Americans have long regarded owning a home to be largely synonymous with the so-called “American dream” although high homeowernship rates are not necessarily synonymous with a high-income prosperous society.
Switzerland and Germany, for example, have homeownership rates well below that usually found in the US.
Nevertheless, the US government has long made increasing homeownership an important policy goal, and this has led to a number of large and costly programs and institutions including Fannie Mae and Freddie Mac, FHA, and a plethora of federal regulations surrounding mortgage lending and banking.
Judging by the government’s own criteria, it has all been a failure.
According to the most recent homeownership data from the US Census Bureau, the homeownership rate in the United States is now at the lowest level it’s been since the bureau began tracking quarterly data in 1965.
As of the second quarter of 2016, the homeownership rate in the United States was, according to the Bureau, 62.9 percent. That’s exactly equal to the rate recorded during the third quarter of 1965 — nearly 51 years ago:
Even before the last housing bubble popped, the homeownership rate had begun to fall, and since the homeownership rate peaked in 2004 at 69.2 percent, the overall trend has been downward. The rate has gone into virtual free-fall over the past two years as home prices have continued to rise and incomes have not kept up.
Back in May, I looked at median household and median family income and concluded that, at best, real earning power in the United States is flat:
So, have incomes really gone down over the past 16 years? Technically yes, since it does seem that the median income in 2014 was indeed lower than it was in 2000. It would be more accurate, though, to say that the median income was flat during the last cycle, but that this time, the median income has gone down, and stayed below where it was in 2000.
Some readers complained that household and family income wasn’t a good measure. So, I took a look at personal median income and found that, as of 2014, personal median income was below where it was in 2006:
Meanwhile, home prices are outpacing both inflation and incomes.
From an economic perspective, a decline in the homeownership rate doesn’t necessarily tell us much. Declining homeownership rates could be affected by changing demographics, such as a decline in marriage and child-rearing. Or it could be affected by simply a decline in the demand for homeownership — for non-economic reasons — among potential buyers.
Nevertheless, the fact remains that homeownership has long been a goal of both fiscal and monetary policy in the United States. This has led to numerous negative affects, including the housing bubble which led to the 2007-2009 recession, and which continues to dampen the very weak recovery we are now living through. The policy orientation toward increasing homeownership also led to massive malinvestment into the real estate economy, which eventually led to a jobs bubble and, predictably, joblessness for many after the bubble burst.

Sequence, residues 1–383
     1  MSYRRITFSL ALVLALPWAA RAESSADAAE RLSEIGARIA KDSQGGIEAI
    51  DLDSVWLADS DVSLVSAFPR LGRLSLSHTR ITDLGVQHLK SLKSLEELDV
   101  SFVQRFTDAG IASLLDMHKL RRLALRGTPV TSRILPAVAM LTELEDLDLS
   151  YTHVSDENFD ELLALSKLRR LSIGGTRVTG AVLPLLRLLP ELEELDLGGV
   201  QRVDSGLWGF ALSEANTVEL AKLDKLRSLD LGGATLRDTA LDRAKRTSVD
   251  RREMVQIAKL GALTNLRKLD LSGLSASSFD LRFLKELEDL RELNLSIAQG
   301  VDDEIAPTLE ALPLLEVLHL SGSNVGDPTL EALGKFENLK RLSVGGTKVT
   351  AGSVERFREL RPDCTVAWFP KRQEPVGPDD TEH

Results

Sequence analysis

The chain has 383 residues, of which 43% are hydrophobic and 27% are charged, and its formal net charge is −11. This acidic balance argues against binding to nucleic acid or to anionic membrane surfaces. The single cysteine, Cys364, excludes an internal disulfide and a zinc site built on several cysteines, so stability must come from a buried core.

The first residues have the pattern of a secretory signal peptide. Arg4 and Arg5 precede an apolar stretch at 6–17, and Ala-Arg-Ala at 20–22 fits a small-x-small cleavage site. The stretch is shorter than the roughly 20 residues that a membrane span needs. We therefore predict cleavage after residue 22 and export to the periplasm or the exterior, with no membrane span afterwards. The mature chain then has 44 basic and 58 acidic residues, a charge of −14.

Increasing homeownership has also long been used to justify the central bank’s easy-money policies since, it is said, easy money is good for debtors who repay debts in devalued currency. Ignored, of course, is the fact that easy money has driven up housing prices and other components of the cost of living, making first-time homeownership far less feasible for many households.
Let’s Repeal the Last Fifty Years of Housing Legislation
There’s no reason to believe that any of the homeowership-boosting efforts — from Fannie Mae to FHA to the Community Reinvestment Act — have done anything to actually increase the homeownership rate over the past fifty years. Indeed, had those agencies and programs not existed, homeownership might be higher today, since, in a less regulated market, those who received loans might be more likely to actually make their payments consistently and on time. In either case, without the housing bubbles created by these policies, households would not have wasted time and resources on buying homes on which they foreclosed later, or on moving into real-estate sector jobs that would later disappear.
Since federal policy efforts have apparently done nothing to increase homeownership, let’s turn to taking a hard look at if we need the federal “homeownership industry” at all. Repealing the tens of thousands of pages of laws and regulations related to promoting homeownership over the past fifty years might be a good start.